Since Obama won reelection, we must ask whether we’d rather have EPA cracking down on carbon emissions, or whether a legislated framework would be better for everyone.
IRP Meets RPS
New green mandates force portfolio planners to re-think their models.
plans will influence when utilities build, or retire, generating resources. The makeup of the specific state or national plans—the percentage of renewable resources required, specific technology requirements, and even the definition of “renewable”—will influence what gets built or retired.
The locations of newly built capacity also will depend on specific RPS plans. Many feasible renewable technologies—wind, solar, geothermal—are location-dependent and have limited location options. This is why wind development is growing in Texas but not in Georgia.
Finally, resource planners need to balance renewable requirements with their demand forecasts and factor in retiring non-renewable resources.
Best practices in IRP require planners to model a variety of uncertainties. Traditionally these include fundamental uncertainties, such as commodity prices ( e.g., fuel, purchased power, emissions), basis, transmission, demand (peak and energy), long-term economic variables (escalation), generator energy limits for hydro or renewable resources, and generator availability (forced outage rates). These typically are best handled using Monte Carlo techniques. In addition to the traditional fundamental stochastic analysis, most IRPs will incorporate stress testing to capture extreme moves in fundamentals—for example, $200/barrel crude oil prices or major weather influences.
Regulatory uncertainty does not lend itself to traditional stochastic techniques, so planners generally will use scenario analysis to study and quantify the various regulatory possibilities. Because the IRP process is labor intensive, resource planners only can evaluate a limited number of scenarios. The art therefore is in choosing the most relevant scenarios. First, the planner needs to develop a finite, well-defined, and manageable number of scenarios based on known and possible state and national regulations. For example:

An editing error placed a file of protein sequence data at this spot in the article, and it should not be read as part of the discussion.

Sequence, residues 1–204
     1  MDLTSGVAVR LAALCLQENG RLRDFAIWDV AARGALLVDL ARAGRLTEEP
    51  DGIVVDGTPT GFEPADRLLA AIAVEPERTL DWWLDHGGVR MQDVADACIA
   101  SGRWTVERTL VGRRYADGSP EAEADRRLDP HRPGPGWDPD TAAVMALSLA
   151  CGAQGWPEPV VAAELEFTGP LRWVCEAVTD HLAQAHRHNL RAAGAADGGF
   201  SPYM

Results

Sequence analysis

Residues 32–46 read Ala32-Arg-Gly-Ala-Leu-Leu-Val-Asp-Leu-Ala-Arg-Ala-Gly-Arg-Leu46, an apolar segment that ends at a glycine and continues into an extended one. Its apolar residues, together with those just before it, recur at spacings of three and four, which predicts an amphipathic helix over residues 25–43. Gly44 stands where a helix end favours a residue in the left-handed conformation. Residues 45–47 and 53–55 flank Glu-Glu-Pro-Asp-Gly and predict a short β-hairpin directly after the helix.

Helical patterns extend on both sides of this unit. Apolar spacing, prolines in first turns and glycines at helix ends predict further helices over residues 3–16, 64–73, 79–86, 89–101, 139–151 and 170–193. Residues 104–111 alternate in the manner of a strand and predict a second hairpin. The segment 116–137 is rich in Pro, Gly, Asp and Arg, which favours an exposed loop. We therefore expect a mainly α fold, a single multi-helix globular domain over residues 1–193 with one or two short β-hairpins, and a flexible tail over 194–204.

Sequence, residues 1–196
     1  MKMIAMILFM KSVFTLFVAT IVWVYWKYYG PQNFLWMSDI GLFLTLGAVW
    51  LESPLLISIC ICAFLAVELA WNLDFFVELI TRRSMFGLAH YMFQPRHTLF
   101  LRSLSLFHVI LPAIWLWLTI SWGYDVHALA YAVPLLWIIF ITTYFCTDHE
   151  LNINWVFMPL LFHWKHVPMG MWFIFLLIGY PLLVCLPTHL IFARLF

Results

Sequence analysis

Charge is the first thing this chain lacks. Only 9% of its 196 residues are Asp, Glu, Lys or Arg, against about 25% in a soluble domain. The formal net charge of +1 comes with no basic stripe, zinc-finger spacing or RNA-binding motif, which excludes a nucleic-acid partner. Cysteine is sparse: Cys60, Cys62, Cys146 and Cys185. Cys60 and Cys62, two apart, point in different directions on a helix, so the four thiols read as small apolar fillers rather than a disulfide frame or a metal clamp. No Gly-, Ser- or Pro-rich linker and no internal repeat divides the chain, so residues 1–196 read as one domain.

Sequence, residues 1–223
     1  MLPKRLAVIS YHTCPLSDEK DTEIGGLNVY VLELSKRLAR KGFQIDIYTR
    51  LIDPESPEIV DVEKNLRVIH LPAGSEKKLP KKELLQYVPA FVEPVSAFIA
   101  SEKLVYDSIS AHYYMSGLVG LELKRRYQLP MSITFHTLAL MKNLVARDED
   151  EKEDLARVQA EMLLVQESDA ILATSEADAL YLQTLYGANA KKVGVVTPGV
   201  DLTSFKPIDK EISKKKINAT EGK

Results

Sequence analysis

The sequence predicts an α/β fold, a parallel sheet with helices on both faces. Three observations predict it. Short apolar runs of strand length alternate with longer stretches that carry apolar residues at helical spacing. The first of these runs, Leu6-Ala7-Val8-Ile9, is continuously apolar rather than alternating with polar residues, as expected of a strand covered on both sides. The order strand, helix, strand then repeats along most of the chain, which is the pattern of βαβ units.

• States A and B both at 15 percent in 2020;
• State A at 15 percent, State B at 25 percent in 2020;
• National standard at 15 percent implemented in 2024; or
• National standard at 20 percent implemented in 2025.
Such scenarios can be combined with sensitivity analysis to measure the change in output relative to change in input (difference between the required 15 percent or 20 percent). Knowing the cross-over points for different technologies ( i.e., the points at which various technologies become or cease to be viable) based on the various possible regulations is valuable information. Of course, IRPs typically encompass between 20- and 30-year views, so everything is a bit uncertain.
A key uncertainty involves the evolution of markets for REC trading.
RECs—variously called green tags, renewable energy credits or certificates, tradable renewable certificates, and environmental attributes—represent a finite quantity of green or environmentally friendly energy generation or its equivalent. Buying such RECs can allow load-serving entities to meet their RPS obligations in more cost-effective ways than building or contracting for capacity in a non-optimal location.
Because electricity follows the path of least resistance rather than a direct, assignable route, purchasers of renewable (or green) energy don’t actually receive the renewable power, but they do expect it is being delivered to the grid. RECs provide a mechanism for tracking renewable energy and for decoupling it from energy production (that is, RECs can be purchased separately to offset energy purchases